The free market economy approach to national development currently being implemented by Zimbabwe is pro-business rather than pro-poor and this is the reason the country is aggressively promoting the ‘Zimbabwe is Open for Business’ mantra. The mantra is meant to attract as much foreign direct investment as is possible and tax incentives have been put in place including tax holidays and reduction of mining royalties from 10% to 2.5% for some multinational corporations. This is one of the reasons the government introduced the 2% Tax. The 2% Tax further regressed the country’s tax system as the poor are paying more taxes (with the minimum tax threshold at ZWL$20 which is too low and it’s not surprising that even those in abject poverty are paying the 2% Tax) than the rich (whose tax free threshold is ZWL$750,000, where after the tax is constant at ZWL$15,000). This has widened the income inequality gap between the rich and the poor. The IMF and World Bank are the key drivers of austerity measures in the current economic development trajectory as they encourage governments to save more and spend less, which literally translated into an increased tax base (the introduction of the 2% Tax) and reduced public spending towards social services delivery. This has resulted in the current crisis being experienced in the social services delivery system and the social and economic rights for citizens are being threatened if not violated in some instances. Citizens have automatically adjusted into the ‘save more and eat less’ mode.
The quest for FDI is especially high in the mining sector which is the major foreign currency earner in the country. Considering that most natural resource extraction activities are located in remote or rural areas, these communities have suffered the most as the mining companies are not promoting local content development. In the mining sector, communities have been left worse off as the environment which sustains livelihoods is destroyed. The same mining communities are subsidising the taxes which were supposed to have been paid by the very mining companies if it had not been the introduction of the unsustainable tax incentives. In Mutoko, villagers’ livelihoods are anchored in horticulture farming/gardening but due to blasting from black-granite mining, the water table has been seriously lowered such that most open water sources have dried up leaving the communities’ livelihoods at risk and household incomes reduced yet Chinese companies, in cohorts with politicians in the country are amassing wealth from the black-granite.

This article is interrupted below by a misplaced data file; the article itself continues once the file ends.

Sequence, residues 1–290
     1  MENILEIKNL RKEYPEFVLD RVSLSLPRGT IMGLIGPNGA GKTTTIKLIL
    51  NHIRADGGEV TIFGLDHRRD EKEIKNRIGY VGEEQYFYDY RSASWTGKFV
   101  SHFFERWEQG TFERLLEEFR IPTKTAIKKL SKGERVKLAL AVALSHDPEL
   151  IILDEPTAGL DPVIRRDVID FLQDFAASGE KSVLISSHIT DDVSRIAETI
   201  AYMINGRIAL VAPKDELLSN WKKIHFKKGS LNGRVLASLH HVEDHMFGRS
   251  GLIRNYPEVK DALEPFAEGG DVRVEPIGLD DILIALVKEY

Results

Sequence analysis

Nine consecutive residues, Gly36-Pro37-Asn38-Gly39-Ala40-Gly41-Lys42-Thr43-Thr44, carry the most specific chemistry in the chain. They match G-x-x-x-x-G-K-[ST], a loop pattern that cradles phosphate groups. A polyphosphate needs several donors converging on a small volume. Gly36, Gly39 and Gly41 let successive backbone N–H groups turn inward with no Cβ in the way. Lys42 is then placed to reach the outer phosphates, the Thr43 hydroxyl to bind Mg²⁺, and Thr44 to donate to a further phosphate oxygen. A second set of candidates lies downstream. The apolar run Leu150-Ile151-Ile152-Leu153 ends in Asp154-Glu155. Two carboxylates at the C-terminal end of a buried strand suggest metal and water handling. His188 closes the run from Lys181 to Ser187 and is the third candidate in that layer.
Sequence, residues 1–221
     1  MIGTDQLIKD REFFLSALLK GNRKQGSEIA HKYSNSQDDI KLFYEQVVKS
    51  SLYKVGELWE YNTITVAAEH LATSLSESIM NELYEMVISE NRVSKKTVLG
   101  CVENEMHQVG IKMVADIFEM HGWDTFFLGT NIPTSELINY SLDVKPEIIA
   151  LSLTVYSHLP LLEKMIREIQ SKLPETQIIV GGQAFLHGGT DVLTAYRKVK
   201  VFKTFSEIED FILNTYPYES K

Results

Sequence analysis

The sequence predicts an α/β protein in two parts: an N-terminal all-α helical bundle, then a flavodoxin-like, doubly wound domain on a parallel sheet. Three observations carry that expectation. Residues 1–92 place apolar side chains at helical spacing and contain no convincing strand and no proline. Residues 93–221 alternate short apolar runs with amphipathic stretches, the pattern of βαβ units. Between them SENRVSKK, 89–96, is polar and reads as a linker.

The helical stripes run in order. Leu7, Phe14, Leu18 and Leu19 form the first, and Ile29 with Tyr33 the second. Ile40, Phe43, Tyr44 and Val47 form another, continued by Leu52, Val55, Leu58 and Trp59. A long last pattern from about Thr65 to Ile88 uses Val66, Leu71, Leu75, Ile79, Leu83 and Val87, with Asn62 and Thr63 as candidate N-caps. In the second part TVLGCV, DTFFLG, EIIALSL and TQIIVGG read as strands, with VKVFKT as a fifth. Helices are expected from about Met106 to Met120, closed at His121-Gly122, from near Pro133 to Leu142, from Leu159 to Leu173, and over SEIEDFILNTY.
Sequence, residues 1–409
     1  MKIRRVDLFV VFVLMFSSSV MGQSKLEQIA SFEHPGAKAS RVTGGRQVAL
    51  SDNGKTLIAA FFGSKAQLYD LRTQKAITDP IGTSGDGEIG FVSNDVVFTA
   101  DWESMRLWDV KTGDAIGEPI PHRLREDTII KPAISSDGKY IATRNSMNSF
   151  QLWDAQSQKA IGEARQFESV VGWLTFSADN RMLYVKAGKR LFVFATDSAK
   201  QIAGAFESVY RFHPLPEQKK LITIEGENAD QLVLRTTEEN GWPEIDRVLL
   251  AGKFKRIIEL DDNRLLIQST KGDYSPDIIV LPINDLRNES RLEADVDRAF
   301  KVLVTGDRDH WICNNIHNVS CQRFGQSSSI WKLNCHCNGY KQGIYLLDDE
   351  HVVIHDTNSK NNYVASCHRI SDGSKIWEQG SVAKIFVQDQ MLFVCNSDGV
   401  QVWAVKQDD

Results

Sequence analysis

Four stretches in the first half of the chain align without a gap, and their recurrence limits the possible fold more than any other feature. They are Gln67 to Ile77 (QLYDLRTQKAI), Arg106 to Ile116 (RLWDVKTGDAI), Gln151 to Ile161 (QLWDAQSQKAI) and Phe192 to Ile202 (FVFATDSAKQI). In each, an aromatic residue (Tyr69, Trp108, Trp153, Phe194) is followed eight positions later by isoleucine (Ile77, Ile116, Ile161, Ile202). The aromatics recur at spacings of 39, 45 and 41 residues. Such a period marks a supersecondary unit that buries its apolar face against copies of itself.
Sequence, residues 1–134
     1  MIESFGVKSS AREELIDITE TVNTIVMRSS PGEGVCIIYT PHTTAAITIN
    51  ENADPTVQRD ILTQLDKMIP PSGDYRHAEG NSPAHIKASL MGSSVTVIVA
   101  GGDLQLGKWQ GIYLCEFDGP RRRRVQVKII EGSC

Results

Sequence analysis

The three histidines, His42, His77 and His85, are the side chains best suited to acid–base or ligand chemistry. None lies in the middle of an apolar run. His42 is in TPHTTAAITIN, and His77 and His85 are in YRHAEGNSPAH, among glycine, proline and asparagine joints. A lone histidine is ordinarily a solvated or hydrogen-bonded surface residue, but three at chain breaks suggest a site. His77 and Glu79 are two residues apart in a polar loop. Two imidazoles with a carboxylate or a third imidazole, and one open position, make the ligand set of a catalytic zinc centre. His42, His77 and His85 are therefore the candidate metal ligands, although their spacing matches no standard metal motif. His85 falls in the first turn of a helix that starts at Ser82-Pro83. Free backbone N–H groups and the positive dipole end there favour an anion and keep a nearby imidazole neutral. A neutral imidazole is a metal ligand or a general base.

Over 70% of the population depends on agricultural productivity for livelihoods, which is a very delicate sector considering the heightened climate change impacts of which the nation’s adaption preparedness is poor. The recently experienced Cyclone Idai was a litmus test for disaster preparedness and the government of Zimbabwe was found wanting. The 2018/19 agricultural season flopped as the El-Nino induced drought swept throughout the country and recently the government indicated that it needed to import 700,000 tons of maize to supplement national stocks. The devastation caused by Cyclone Idai is one example of how climate change has widened the inequality gaps geographically as the greater part of the Chimanimani landscape of was transformed into one where livelihoods can no-longer be derived leaving communities worse off compared to other areas where the communities are still deriving their livelihoods from their environs.